Australian Museum Journal Oral tradition and the creation of Late Prehistory in Roviana Lagoon, Solomon Islands. In A Pacific Odyssey: Archaeology and Anthropology in the Western Pacific. Papers in Honour of Jim Specht

Shortform:
Sheppard, 2004, Rec. Aust. Mus., Suppl. 29: 123–132
Author(s):
Sheppard, Peter J.; Walter, Richard; Aswani, Shankar
Year published:
2004
Title:
Oral tradition and the creation of Late Prehistory in Roviana Lagoon, Solomon Islands. In A Pacific Odyssey: Archaeology and Anthropology in the Western Pacific. Papers in Honour of Jim Specht
Serial title:
Records of the Australian Museum, Supplement
Volume:
29
Start page:
123
End page:
132
DOI:
10.3853/j.0812-7387.29.2004.1408
Language:
English
Date published:
19 May 2004
Cover date:
19 May 2004
ISBN:
ISBN 0-9750476-2-0 (printed), ISBN 0-9750476-3-9 (online)
ISSN:
0812-7387
CODEN:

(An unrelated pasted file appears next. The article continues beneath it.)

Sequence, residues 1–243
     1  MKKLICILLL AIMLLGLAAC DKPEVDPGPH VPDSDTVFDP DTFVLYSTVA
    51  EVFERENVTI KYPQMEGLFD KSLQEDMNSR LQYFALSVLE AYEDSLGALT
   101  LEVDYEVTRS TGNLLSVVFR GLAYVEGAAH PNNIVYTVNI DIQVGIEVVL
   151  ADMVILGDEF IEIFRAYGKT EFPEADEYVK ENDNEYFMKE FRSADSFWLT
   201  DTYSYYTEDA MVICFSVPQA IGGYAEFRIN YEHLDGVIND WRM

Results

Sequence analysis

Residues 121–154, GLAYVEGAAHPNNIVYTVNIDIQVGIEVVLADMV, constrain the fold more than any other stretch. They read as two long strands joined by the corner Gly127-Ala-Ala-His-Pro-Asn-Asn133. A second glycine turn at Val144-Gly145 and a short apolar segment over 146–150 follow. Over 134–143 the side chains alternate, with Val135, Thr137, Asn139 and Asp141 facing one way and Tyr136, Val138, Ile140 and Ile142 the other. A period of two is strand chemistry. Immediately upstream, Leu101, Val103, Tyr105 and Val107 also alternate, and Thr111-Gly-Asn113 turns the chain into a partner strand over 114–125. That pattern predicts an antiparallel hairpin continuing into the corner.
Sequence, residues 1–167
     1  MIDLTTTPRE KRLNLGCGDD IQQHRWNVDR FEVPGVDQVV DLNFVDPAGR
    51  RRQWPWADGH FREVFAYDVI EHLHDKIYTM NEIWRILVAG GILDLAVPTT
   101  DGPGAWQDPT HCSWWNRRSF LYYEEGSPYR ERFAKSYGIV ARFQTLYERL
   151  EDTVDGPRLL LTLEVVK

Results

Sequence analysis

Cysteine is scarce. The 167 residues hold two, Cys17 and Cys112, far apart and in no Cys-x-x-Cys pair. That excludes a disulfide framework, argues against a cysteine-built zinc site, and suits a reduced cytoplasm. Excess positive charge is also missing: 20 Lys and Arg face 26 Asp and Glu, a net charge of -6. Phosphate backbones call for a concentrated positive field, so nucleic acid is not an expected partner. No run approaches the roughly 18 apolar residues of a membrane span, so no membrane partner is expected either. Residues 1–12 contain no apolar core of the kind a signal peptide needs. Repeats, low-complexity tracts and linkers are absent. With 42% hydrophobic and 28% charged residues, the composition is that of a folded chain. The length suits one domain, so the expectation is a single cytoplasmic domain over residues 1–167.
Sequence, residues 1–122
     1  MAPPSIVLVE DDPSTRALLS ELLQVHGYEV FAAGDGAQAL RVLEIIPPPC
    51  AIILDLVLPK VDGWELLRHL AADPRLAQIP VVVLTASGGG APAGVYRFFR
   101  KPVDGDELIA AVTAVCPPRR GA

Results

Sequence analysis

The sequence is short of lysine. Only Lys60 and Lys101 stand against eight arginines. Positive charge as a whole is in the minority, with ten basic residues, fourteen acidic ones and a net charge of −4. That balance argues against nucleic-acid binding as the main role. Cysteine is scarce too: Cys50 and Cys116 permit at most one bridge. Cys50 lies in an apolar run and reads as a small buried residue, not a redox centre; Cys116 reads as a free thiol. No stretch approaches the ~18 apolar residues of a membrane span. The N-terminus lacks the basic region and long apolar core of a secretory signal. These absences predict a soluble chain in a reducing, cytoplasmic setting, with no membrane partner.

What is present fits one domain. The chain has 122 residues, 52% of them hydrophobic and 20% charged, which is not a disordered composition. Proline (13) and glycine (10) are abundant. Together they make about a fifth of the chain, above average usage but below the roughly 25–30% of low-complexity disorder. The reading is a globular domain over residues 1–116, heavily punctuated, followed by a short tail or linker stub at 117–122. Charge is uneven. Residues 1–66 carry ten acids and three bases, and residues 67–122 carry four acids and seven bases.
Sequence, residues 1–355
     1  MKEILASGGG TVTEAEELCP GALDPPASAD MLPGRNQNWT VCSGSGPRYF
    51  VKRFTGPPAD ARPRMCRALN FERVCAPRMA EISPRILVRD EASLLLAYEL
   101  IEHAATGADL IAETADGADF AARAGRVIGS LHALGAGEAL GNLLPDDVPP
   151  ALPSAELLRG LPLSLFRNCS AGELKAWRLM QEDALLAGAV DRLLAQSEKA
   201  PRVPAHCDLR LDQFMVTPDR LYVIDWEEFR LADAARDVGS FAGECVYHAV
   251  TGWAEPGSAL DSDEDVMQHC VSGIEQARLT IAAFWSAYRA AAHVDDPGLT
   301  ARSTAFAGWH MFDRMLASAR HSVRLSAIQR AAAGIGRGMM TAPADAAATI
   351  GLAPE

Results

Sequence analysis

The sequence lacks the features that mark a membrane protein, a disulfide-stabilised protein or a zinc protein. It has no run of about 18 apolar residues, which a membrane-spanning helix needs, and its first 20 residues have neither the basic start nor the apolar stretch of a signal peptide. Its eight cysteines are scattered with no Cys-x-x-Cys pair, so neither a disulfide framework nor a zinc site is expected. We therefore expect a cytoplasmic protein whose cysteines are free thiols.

RAMSEZ
Publisher:
The Australian Museum
Place published:
Sydney, Australia
Subjects:
ANTHROPOLOGY
Digitized:
19 May 2004
Available online:
19 May 2004
Reference number:
1408
EndNote package:
EndNote file
Title page:
Title page (12kb PDF)
Complete work:
Complete work (737kb PDF)

Abstract

The use of oral tradition or oral history in archaeology is often a contentious issue. In this paper we briefly review methodological issues surrounding the use of such data and follow this with a case study using our research into the last 1,000 years of prehistory in Roviana Lagoon (New Georgia Group, Solomon Islands). We argue that it is not possible to generalize cross-culturally about the historicity of oral tradition/history. However, in the Roviana case, careful use of ethnohistory and archaeology together indicates that: (a) Roviana oral history is linear; (b) there is a close relationship between genealogical age and radiocarbon age; and (c) the modern uses of the oral tradition by Roviana provide a theory of their use in the past. We conclude that the model for the formation of the Roviana Chiefdom which emerges from the working back and forth between archaeology and ethnohistory has much more explanatory power than one based on either source of data by itself.